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Hays Medical Center recognized for maternity care





Hays Medical Center has been recognized as a High 5 for Mom & Baby hospital. HaysMed enhanced its maternity care based on the significant proven health benefits associated with breastfeeding in order to receive the recognition.

The program is provided by the United Methodist Health Ministry Fund, and is based on five practices to encourage successful breastfeeding.

The five practices are:

* Assuring immediate skin-to-skin contact between mother and baby after birth.

* Giving newborn infants no food or drink other than breast milk.

* Allowing mothers and infants to remain together 24 hours a day.

* Not giving pacifiers to breast feeding infants.

* Providing mothers with options for breastfeeding support.

Jessica Seib, staff development coordinator at Hays Medical Center, first directed the staff to begin on the path toward the program in December 2013.

HaysMed is the third hospital in the state to be recognized by the High 5 program.

"We were originally planning on offering a breast feeding class in January," Seib said.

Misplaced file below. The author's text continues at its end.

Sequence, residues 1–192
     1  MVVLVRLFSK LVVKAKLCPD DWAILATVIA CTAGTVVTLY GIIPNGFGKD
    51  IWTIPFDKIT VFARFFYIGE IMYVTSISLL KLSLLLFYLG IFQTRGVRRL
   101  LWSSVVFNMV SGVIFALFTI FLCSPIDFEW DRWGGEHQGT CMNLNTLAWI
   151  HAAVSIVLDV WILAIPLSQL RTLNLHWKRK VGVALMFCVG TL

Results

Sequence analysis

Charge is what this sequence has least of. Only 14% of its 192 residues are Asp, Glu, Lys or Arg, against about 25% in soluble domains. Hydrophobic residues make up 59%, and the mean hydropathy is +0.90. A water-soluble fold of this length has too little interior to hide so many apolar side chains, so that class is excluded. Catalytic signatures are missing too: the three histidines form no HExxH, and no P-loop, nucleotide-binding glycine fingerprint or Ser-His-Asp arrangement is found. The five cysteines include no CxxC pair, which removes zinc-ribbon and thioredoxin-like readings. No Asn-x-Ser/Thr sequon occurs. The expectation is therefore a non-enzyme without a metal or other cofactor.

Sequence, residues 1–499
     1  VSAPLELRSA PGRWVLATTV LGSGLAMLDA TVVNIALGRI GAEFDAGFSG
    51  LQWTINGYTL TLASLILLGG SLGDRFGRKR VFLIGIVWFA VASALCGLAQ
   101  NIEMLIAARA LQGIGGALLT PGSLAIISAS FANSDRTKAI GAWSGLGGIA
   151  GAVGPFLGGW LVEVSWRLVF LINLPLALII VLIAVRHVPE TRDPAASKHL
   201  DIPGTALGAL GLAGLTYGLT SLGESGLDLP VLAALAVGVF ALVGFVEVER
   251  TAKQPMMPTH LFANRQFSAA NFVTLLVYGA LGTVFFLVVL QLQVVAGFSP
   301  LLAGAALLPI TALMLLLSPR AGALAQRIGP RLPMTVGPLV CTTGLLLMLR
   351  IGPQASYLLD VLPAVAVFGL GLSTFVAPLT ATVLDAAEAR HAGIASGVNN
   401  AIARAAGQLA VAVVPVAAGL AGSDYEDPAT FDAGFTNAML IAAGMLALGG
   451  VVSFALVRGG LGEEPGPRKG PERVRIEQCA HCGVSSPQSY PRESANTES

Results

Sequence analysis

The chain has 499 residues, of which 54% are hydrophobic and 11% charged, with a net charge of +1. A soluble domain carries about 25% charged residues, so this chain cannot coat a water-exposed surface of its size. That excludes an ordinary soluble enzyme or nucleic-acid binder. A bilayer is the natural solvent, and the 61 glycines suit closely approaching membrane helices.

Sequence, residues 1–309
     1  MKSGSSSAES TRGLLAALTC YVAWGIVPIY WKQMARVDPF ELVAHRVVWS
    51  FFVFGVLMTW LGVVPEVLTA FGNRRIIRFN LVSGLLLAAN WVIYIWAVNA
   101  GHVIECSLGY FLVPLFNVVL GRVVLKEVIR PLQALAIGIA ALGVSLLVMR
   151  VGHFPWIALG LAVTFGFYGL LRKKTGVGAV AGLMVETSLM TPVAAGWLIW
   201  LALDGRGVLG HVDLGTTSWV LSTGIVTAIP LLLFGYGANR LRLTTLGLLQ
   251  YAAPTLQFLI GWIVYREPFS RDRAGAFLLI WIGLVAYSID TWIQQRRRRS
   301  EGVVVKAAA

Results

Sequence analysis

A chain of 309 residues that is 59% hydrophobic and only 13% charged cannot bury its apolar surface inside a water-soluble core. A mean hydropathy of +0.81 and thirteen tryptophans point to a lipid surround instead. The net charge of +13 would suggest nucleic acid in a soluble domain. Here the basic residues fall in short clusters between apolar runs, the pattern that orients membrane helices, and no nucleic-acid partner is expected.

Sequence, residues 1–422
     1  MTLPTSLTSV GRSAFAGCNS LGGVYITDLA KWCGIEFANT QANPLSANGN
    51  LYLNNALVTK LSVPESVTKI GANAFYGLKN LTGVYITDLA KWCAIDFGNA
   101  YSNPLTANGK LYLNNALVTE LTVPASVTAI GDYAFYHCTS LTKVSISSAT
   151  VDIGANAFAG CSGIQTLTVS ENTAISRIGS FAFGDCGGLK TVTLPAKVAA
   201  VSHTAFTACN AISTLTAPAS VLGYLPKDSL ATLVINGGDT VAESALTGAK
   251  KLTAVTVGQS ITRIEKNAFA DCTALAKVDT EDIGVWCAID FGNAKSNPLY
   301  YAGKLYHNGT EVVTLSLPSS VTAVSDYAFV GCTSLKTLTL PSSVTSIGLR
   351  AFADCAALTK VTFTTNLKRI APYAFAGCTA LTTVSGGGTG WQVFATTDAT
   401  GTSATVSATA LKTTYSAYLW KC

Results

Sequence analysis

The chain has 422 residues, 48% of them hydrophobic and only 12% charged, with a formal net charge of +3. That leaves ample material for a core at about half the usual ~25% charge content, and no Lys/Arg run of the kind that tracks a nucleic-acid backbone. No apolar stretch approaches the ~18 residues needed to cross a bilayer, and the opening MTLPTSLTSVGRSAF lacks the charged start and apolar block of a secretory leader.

"In planning for this class, we heard about the program. We started the application process and went from there."

After beginning the path, the hospital needed to meet criteria for the five practices 80 percent of the time.

"It was mainly just changes and processes," Seib said. "It takes time to get used to. It came down to educating nurses, as well as our patients."

Seib said practicing skin-to-skin contact after every delivery was one of the most difficult adjustments.

"We didn't ever do skin-to-skin contact in the (cesarean) section room," she said. "It helps the baby get to know his or her mom from the very beginning, and establish closeness."

That will lead to better breastfeeding success, she said.

"A big part is allowing the baby to (stay on his or her mother's chest) until the first breast feeding experience," Seib said.

"It seals the bond and helps promote breast feeding long term."

Seib said it is recommended to breast feed for a minimum of six months, and the five practices aim to ensure successful breast feeding.

"The biggest takeaway would be, by having these five things from birth, they will help women breast feed longer," she said.

"I really thank the nurses and doctors for being willing to change and work toward this goal."